Posted by ESC on January 17, 2001
In Reply to: Good grammar don't feed the bulldog posted by Bob on January 16, 2001
: : : : I use it to mean saying sorry isn't enough. What is the origin?
: : : In business, to "feed the bulldog" is to generate sufficient revenue to meet expenses. I don't know much about bulldogs, but I'm willing to bet they get aggressive and insistently unhappy when not fed on a regular schedule. Overhead costs tend to be like that, too. The rent must be paid. The payroll must be met. Productive actions, not mere words, will feed the bulldog
: : I wasn't sure what the "bulldog" is and I'm glad you cleared that up. I wanted to add that, in one of those eerie Phrase Finder coincidences, I saw a variation of the phrase right after reading Cord's post. An exchange between a district attorney and a reporter ("Guilty as Sin" by Tami Hoag): "'I meant it,' she said, fishing her keys out of her coat pocket. 'I don't have anything for you.' ''No comment' don't feed the bulldog.'"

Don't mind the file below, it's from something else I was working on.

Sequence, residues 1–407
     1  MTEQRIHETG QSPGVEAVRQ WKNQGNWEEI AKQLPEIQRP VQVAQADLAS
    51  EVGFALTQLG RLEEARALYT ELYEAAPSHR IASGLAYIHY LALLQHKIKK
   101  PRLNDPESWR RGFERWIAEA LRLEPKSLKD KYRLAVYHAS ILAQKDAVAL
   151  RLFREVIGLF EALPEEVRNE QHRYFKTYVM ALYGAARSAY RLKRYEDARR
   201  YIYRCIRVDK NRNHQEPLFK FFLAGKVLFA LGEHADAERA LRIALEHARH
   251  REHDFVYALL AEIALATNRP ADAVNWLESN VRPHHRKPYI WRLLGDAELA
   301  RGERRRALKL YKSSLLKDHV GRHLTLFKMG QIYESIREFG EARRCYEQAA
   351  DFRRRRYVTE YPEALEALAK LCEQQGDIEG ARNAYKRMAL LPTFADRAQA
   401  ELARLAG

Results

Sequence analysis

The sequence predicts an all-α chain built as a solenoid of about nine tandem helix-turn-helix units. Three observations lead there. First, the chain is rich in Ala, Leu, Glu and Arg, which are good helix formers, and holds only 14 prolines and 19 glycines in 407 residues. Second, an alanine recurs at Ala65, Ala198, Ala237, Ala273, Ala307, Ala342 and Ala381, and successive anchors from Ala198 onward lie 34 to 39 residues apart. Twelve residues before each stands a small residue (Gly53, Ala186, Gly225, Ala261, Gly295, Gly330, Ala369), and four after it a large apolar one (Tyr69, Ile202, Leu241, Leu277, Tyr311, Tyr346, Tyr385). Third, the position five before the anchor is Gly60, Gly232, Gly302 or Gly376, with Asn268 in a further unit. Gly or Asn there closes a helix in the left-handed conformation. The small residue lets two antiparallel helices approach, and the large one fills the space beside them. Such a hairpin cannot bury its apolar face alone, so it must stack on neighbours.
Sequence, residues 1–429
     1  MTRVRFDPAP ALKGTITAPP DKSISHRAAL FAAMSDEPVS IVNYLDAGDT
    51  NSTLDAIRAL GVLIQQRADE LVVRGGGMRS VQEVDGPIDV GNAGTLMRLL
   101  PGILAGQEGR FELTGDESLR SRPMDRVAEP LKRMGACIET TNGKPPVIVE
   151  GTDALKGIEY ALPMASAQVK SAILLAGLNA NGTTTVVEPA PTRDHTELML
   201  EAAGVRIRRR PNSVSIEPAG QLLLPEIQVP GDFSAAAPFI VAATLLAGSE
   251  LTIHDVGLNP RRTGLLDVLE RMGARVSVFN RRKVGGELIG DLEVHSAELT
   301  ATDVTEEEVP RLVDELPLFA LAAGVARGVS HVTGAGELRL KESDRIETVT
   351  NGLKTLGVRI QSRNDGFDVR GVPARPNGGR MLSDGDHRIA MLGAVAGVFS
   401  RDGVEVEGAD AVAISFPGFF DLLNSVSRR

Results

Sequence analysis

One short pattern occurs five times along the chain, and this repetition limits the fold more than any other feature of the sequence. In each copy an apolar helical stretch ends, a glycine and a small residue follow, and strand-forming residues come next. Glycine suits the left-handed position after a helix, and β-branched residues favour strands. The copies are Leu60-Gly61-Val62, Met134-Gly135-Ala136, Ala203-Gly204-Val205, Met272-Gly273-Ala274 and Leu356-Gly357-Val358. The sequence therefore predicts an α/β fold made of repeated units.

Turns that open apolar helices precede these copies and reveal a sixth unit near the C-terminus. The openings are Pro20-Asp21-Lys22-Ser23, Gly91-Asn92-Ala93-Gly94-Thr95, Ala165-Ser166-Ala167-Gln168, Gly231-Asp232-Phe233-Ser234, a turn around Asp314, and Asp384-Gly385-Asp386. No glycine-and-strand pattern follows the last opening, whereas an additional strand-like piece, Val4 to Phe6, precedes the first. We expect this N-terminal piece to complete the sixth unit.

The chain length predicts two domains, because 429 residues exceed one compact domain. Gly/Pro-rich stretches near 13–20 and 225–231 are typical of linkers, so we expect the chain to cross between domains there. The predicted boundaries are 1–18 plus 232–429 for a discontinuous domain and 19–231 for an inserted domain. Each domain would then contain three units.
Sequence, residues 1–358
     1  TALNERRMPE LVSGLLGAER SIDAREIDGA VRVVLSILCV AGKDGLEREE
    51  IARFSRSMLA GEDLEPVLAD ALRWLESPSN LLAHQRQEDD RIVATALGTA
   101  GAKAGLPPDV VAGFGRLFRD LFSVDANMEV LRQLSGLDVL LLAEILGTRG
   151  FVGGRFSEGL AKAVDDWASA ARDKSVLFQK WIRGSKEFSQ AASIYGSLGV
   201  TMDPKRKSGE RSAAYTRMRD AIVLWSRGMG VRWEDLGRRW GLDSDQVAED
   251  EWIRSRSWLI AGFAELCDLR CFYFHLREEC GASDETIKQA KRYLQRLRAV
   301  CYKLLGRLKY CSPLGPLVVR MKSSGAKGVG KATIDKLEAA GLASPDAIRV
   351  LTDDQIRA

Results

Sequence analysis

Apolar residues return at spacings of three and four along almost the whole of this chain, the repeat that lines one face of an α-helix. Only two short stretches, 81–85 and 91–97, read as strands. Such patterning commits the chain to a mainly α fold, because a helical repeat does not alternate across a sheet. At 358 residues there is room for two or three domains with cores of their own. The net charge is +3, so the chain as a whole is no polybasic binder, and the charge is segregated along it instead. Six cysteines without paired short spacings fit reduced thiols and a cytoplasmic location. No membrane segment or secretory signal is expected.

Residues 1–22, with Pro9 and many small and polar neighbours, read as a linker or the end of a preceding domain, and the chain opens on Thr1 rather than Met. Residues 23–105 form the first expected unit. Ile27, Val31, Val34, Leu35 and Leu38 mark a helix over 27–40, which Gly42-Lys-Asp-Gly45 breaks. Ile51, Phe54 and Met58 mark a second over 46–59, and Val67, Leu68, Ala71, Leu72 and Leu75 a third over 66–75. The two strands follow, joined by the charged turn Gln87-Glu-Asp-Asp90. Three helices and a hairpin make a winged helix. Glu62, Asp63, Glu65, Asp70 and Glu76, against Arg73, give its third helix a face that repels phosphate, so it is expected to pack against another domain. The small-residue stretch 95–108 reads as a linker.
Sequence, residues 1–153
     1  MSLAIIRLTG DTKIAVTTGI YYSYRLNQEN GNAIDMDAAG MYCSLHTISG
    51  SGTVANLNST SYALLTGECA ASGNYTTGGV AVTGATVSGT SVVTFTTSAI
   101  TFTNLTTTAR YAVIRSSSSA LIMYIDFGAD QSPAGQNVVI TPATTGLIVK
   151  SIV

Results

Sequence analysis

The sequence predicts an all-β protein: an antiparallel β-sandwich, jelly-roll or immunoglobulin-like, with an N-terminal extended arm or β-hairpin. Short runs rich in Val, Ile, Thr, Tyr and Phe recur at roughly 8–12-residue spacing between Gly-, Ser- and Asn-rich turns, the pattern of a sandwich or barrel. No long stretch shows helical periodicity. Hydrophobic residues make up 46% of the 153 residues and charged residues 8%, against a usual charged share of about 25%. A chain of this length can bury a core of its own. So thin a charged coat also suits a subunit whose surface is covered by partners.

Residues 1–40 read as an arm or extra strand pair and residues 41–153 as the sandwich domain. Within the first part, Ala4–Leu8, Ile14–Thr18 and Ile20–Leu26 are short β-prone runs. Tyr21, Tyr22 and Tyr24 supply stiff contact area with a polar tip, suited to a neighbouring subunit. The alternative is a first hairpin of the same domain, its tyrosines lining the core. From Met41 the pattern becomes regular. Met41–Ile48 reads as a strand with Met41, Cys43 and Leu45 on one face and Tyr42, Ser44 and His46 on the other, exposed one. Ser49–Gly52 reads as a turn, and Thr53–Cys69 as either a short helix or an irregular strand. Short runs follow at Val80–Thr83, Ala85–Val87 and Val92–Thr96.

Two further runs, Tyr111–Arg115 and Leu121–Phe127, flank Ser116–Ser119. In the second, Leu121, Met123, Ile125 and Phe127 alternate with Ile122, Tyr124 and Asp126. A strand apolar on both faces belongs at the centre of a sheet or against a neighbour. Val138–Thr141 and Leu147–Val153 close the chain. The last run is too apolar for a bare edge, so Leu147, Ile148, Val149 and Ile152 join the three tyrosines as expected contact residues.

: Ah. That raises another point. The phrase is almost always as you quoted it, with the less-grammatical, more colloquial "don't" versus the more conventional "doesn't." Why? I suppose the rough-hewn nature of the quote lends itself to the less polished, slangy version. Euphony. It's a little like "It don't mean a thing if it ain't got that swing." Rendered into grammatical standard English, the phrase deflates and loses all its power. It swings no longer.
Isn't there a fancy name for using incorrect grammar on purpose, for a certain effect? As in the phrase "We was robbed." I'll have to remember where I read about that...could it be "Figures of Speech"?